Daniel Johannes Goos,
Daniel Johannes Goos, Jr.'s sister,
Goos, married Florence Augusta Flanders's brother, Willie
Lodge Certificate of Adoption, 1852
Looking Up Again,
(Parts of the following obituary are torn.)
GOOS – Mr. Daniel ... in Biloxi, Miss., ... and died in Lake Charles ... 1884. Shortly after ... moved to Lake Charles, leaving him with his aunt, Mrs. Brown. After being educated in the public schools of New Orleans he returned to his parents. Mr. Goos having a talent for mechanics and desiring to become a machinist, during the late war accompanied an uncle to England and there remained till he became a proficient. Returning to New Orleans he was employed in Leeds' Foundry, and while there he married Miss Florence A.
Flanders, the daughter of Capt. W. C. Flanders, an old citizen of New Orleans. Shortly after marrying he removed to Galveston, where he was employed in a firm of which his father was a member. The climate of Galveston not agreeing with him, and the firm having failed, he removed to Lake Charles. Collecting together the remnants that were left from the failure, he took hold of his father's business, and with an indomitable energy, with untiring perseverance, he held steady on in the midst of gloom and despair:
Sometimes bright hopes would lure him on, but to elude his grasp. Yet at last, by his zeal, the Calcasieu Lumber Company was formed, in which the old business was absorbed. During the last year he was a stockholder as well as an
employee of this Company. For the last two months he was confined to his bed with that awful malady consumption which he contracted by his intense energy and constant exposure. During all those long days and weary nights he stood his suffering like a hero, neither murmuring nor repining. It was with the deepest gratitude the attentions of the friends and loved ones were received, and in all his pain and anguish he always gave a smile of welcome.... The business circle has lost a man of strong vim,
strict honesty and fair dealing. A man of earnest and clean cut principles, he proved a true friend, an earnest, conscientious
counselor to those in need. That large family has had two central links taken away;
Dan, who proved himself a devoted son to his father and a true and loving brother to the rest, has gone with the mother. To the wife and orphaned little ones our deepest sympathies go forth, but we commend them to an Eternal Father, the healer of all wounded hearts, the Father of the orphaned and Husband of the widowed, and we mourn as
those who feel that it will be a separation for only a time, for if we are all faithful to death we shall meet him, beyond the "pearly portal,"
"Where no sin, nor dismay
Neither trouble nor sorrow,
Will be felt for a day,
Nor be feared for the morrow."
From Maude Reid's
Goos, whose diary of a trip to the British Isles during the
Civil War is here given, was the eldest son of Captain Daniel
Goos, who settled in what is now called Goosport in the
northern section of Lake Charles in the
One of a family of sixteen
children, he was largely reared by his aunt, his mother's
sister who had no children, Mrs. Henry Brown of New Orleans,
along with his sister, Babette, who later married a Mr.
Fitzenreiter. He attended the New Orleans schools and received
a fair education which his diary bears out. I remember Mrs.
Brown, who after the death of her husband, came to Lake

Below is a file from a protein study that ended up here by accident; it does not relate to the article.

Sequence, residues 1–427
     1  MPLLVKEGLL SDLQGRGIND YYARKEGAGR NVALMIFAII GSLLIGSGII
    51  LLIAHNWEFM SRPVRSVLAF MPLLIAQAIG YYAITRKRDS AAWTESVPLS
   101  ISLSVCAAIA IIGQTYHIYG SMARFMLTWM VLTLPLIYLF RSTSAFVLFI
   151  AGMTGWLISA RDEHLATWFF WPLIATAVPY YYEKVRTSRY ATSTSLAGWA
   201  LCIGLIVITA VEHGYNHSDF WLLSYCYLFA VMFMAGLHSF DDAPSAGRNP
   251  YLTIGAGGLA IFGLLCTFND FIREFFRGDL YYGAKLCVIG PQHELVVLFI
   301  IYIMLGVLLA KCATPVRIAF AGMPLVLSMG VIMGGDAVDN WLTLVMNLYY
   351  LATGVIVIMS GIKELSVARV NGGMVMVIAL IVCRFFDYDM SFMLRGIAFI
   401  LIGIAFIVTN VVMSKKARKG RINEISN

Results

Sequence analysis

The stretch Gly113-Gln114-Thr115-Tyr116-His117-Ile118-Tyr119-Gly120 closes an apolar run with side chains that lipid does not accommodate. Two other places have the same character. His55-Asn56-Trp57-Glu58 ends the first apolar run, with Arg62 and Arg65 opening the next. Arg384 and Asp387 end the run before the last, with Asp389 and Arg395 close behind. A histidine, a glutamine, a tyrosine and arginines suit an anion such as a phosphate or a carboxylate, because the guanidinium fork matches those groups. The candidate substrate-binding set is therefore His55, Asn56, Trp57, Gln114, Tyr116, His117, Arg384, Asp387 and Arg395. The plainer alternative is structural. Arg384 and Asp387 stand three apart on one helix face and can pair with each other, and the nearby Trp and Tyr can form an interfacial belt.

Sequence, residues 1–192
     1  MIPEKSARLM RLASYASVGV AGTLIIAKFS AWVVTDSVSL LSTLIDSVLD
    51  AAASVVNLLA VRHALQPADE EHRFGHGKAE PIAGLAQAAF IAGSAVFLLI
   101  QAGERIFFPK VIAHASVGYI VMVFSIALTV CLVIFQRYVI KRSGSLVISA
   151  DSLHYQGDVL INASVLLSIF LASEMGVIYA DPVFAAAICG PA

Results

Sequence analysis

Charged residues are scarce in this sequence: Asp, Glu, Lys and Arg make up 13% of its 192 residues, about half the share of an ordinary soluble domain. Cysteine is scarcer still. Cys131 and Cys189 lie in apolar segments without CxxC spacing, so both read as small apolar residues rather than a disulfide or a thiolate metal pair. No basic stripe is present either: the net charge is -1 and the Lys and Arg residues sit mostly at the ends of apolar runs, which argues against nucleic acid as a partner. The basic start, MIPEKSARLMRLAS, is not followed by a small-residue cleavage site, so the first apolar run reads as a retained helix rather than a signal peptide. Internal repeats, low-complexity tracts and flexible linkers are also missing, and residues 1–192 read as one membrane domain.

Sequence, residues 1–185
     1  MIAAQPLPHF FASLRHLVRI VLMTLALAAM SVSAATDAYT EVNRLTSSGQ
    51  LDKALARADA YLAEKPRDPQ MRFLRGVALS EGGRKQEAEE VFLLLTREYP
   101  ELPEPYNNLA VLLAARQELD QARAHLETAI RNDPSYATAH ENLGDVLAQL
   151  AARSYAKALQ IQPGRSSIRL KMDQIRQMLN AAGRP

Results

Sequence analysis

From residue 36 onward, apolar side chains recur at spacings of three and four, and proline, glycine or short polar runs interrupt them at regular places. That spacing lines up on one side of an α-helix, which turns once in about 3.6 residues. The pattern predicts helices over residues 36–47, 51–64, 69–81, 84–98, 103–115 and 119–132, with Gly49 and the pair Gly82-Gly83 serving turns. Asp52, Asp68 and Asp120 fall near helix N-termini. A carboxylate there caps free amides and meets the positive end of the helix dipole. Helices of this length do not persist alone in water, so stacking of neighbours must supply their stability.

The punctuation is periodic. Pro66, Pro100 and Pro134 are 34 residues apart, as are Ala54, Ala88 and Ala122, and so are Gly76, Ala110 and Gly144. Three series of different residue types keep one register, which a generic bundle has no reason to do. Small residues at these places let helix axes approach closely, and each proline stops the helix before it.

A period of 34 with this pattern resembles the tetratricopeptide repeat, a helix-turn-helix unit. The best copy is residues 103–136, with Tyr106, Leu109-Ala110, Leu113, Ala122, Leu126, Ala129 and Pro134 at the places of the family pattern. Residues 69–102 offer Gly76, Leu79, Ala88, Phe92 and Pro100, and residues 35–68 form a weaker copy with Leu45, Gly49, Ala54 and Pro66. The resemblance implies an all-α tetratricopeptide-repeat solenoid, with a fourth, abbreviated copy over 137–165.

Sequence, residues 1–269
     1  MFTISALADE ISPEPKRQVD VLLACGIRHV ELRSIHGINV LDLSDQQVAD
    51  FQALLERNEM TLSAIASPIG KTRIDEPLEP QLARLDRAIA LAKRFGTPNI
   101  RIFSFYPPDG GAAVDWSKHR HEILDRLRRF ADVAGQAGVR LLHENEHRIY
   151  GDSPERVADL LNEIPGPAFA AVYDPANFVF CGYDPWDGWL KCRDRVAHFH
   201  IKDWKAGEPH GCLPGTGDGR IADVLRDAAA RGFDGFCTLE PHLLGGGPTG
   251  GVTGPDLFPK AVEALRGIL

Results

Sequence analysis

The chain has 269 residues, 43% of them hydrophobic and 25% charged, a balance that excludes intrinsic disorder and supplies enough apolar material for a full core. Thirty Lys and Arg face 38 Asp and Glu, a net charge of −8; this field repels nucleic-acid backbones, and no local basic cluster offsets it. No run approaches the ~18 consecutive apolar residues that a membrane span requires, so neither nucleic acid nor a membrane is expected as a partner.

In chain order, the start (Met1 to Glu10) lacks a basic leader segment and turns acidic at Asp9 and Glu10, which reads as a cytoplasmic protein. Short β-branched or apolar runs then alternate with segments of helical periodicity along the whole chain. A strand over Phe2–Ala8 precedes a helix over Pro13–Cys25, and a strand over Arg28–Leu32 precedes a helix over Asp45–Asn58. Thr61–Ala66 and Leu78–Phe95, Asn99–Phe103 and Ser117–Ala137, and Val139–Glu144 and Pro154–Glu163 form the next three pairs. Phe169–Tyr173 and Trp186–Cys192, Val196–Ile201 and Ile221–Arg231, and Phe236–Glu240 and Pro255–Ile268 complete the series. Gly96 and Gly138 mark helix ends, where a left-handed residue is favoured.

Charles and made her home with the Goos family, and later with
her niece, Mrs. Albert Bel – who was Della Goos. She was a
very attractive elderly woman with snow-white hair and spoke
with a marked German accent. The family – and everyone else – called her "Aunty Brown."
The lad was
a credit to her careful rearing, as was, indeed, Babette, who
was a charming and delightful person to converse with. I knew
her in her later years. Young Dan was the apple of his
father's eye, and the old man had great confidence in his
son's ability else he would not have sent him on the dangerous
trip to Europe that the boy writes
Young Daniel Goos... began his
trip to England, running the Union blockade during the War
Between the States, when he was just a little past seventeen
years old. In fact, he celebrated his eighteenth birthday
while he was in Europe on this mission.
Leaving Lake Charles on a schooner loaded with cotton which
was contraband material and which could have brought him into
serious trouble had he been captured by Union forces, this lad
evidently felt nothing on this trip other than
Returning home after a
successful trip with his cargo disposed of in England, he
later married Miss Florence Flanders, sister of Will Flanders
who married his sister Katherine
While still a lad his father
sent him to Galveston, Texas to manage a saw mill there that
Capt. Goos owned and which was supplying him with lumber for
his boat building enterprises which the old man had turned to
after first starting a saw mill near his homestead in Lake
Old Captain Goos was
evidently very proud of his young son. When he built his first
steamboat – the first in Calcasieu -- the boat was named for
his son, The Little Dan....
family moved to Lake Charles in the 90's, and here Dan died of
pulmonary tuberculosis, a disease which may have had its
incipiency in that early European trip which he records in his
diary of frequent accounts of colds that would not get well,
sore throat and fevers that came and
At the time of his death the
family were living in a large rambling frame building on
Hodges street, that later we called Nason Villa when it became
a boarding house. This house has since been torn down but the
site was that of my grandfather's cotton gin on part of his
original 160 homestead acres.
begins with a reference to Pejoy's old landing; this means,
Pujo's old landing. Old timers still call the name Pejo. The
Devil's Elbow – the sharp bend in the river just after
passing Clifton Ridge on the way to the Gulf.